When I got married 10 years ago, I had $17 in my bank account and a killer discount wedding dress. As I floated on a cloud of white tulle toward my tall, handsome husband at the end of the aisle, money wasn’t really on my mind.
Probably because I didn’t have any.
While I kept an open mind in many respects as I tied the proverbial knot that day, one thing that didn’t factor into my decision to marry the guy was our finances. Why would it? Not only did I bring absolutely nothing to the table financially — unless you count a pile of debt, which was an obvious deterrent (although clearly not a dealbreaker) for my financially sound husband — but my mind was, understandably, more romantically inclined.
Looking back, and especially after having purchased our first home and inherited the plethora of problems that come with that kind of purchase, it would have behooved us to consider our financial future — not to mention how those finances were to be spent — well before we got all dolled up and said our “I do’s.”
It’s not very rom-com worthy, but since my own march down the marital aisle, prenuptial agreements — legal contracts that couples sign prior to marriage that outline how money is to be spent and how property is handled during the marriage and in the event of a divorce — have grown exponentially. This trend will likely continue, too, since 69% of people who haven’t been married want to sign one when they do take that leap, and 67% would end their relationship if their partner refused to sign one.
Why are prenups becoming so popular? It’s probably not cynicism since marriages, while not happening as often or as early in life among our younger generations, seem to be lasting longer now than they have in recent decades. Divorce rates in the United States have also been dropping steadily since the 1980s, so clearly someone’s doing something right.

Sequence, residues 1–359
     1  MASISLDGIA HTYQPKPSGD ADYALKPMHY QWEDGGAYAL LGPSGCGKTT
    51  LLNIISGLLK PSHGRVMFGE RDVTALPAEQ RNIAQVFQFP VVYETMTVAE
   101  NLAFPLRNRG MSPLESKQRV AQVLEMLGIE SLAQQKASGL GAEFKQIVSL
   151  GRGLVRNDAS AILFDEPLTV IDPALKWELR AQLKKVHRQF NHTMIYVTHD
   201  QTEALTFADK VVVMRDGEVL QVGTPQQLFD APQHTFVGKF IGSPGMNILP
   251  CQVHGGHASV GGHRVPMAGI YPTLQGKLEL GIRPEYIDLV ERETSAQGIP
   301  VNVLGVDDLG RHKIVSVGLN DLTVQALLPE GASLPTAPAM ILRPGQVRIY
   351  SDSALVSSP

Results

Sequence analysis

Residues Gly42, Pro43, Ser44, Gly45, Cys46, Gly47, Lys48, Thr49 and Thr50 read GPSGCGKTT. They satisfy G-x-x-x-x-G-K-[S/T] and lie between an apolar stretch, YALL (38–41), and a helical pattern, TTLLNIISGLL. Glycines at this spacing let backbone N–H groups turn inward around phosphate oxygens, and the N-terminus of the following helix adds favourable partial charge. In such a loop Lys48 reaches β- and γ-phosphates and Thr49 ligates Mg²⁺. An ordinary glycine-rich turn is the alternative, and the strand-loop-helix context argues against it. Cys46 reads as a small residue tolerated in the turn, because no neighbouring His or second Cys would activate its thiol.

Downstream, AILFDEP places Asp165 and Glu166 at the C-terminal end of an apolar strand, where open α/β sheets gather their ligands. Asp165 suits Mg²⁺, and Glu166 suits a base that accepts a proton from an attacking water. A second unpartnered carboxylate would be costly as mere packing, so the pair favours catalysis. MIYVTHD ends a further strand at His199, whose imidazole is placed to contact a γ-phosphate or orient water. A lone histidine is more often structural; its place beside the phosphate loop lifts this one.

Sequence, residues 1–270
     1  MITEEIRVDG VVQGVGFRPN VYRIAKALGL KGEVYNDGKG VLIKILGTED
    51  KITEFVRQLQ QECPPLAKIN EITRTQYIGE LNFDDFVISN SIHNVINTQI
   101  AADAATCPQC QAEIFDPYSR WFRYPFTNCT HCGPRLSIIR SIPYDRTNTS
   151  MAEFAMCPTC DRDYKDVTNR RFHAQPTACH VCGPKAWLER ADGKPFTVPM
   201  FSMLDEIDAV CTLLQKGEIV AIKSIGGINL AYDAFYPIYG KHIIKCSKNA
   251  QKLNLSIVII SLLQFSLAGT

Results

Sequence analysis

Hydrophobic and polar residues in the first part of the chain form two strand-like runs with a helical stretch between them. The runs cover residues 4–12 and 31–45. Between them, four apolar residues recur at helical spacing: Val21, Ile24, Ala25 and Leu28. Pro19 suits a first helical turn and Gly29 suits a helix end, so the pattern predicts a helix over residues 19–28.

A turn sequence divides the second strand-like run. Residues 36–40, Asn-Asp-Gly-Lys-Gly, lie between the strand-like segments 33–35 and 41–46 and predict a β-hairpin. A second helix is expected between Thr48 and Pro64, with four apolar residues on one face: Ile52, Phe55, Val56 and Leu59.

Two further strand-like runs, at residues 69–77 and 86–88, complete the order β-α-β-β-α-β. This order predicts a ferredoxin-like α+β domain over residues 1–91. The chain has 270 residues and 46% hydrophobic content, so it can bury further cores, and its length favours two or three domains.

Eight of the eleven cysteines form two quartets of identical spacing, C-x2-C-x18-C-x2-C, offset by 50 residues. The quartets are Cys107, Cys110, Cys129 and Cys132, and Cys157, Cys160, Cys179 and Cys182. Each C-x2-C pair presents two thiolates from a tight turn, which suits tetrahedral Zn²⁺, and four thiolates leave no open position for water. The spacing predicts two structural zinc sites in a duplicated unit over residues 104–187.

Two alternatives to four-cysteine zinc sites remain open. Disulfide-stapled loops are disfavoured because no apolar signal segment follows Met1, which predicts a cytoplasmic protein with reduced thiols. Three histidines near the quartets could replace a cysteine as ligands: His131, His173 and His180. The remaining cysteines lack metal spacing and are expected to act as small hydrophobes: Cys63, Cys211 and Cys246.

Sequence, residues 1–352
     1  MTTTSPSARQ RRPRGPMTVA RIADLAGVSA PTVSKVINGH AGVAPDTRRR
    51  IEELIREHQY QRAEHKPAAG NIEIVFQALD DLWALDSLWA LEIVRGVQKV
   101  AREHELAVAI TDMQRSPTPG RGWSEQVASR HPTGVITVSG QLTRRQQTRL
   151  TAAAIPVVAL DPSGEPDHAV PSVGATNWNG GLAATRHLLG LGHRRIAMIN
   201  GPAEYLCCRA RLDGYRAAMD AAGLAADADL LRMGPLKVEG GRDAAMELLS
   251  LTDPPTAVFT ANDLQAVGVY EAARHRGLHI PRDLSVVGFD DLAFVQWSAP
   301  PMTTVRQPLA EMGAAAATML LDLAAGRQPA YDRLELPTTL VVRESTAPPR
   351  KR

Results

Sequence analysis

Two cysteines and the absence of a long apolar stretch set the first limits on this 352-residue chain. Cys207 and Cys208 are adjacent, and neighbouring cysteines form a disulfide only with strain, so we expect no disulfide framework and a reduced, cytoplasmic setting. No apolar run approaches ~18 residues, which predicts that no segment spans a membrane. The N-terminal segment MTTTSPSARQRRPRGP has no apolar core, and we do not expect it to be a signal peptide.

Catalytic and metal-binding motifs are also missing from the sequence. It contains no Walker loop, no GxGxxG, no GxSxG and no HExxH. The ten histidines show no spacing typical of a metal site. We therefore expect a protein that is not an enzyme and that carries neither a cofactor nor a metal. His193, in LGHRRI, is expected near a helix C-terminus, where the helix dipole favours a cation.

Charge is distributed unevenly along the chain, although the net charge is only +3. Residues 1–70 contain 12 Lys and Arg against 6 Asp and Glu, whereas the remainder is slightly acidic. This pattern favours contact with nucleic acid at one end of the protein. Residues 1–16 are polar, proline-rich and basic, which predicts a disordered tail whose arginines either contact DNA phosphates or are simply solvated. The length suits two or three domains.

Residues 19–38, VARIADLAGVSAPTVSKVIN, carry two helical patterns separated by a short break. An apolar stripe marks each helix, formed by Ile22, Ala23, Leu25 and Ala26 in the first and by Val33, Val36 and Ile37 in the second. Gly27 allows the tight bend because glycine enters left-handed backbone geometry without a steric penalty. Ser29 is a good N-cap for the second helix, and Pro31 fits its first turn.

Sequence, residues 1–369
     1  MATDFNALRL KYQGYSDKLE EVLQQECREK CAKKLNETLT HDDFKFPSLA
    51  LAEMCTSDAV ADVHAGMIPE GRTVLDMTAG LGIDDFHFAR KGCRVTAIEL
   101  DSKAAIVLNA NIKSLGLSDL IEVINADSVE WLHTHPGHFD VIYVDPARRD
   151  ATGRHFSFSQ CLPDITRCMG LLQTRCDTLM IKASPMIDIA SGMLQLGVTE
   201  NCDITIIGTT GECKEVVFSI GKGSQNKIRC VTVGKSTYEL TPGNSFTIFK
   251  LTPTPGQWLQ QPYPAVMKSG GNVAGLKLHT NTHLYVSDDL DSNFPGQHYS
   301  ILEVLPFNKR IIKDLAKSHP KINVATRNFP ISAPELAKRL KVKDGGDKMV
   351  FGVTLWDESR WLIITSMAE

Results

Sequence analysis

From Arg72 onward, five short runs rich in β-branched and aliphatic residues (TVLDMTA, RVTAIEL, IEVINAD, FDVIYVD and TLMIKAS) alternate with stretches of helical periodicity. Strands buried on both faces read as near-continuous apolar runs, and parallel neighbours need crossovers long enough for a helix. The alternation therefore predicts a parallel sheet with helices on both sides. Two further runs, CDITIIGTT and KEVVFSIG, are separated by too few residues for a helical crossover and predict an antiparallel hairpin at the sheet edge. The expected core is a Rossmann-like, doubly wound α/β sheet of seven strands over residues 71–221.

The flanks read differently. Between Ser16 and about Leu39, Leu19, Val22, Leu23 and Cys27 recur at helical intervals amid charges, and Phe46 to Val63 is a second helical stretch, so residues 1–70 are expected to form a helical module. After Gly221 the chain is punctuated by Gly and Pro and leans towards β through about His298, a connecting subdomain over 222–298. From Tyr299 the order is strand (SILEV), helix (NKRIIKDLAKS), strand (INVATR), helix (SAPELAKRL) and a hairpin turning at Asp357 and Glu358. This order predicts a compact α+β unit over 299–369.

This apparent marital bliss could be due to a number of things, of course. Maybe there’s something to marrying when we’re more mature and settled in life; we might be less inclined to make a poor life-partner choice in our later years. Maybe people are making more money (doubtful) or perhaps they have better access to counselling or better connections with the right people — maybe it’s dating apps?
Or maybe it’s because of prenups.
Prenups lead to healthier relationships
According to a survey conducted by leading CDFA (Certified Divorce Financial Analyst) professionals, the leading causes of divorce in marriage are incompatibility, infidelity — and money.
I know. I was shocked too.
We’ve all heard that the number one thing that most couples fight about is money, so it’s no great surprise that money issues (and miscommunication surrounding those money issues) are one of the top marital problems that lead to divorce. Poor communication about money and what to do with it ultimately leads to couples losing trust in each other, and we all know how well relationships work when there’s no trust to keep people stitched together.
Which is why it’s becoming more believable that prenups, when done right, can actually lead to healthier marriages. As I said somewhat controversially in my article outlining the simple agreement held by my husband and I, a “contract” can provide a sense of relief to those involved, especially when legal. A prenup that legally and clearly outlines how money will be spent throughout a marriage and, in the event of a divorce that may or may not take place, how those finances will be fairly divided between the two as they go their separate ways, is a form of protection for not one, but both parties.
This legally-enacted protection is now being seen more often by the world’s “enfianced” as, ironically, an act of love, and signing one could not only save both of your butts, but it can ease anxiety and stress over a potential separation down the road.
And stress is another relationship killer — it’s all starting to make more sense now, isn’t it? Prenups aren’t what we once judged them to be.
While it’s unlikely that a prenup will be a part of every marriage in the near future, there’s no question that prenups are on the rise — from 2017 to 2021, research shows that signed prenups rose by 3,000.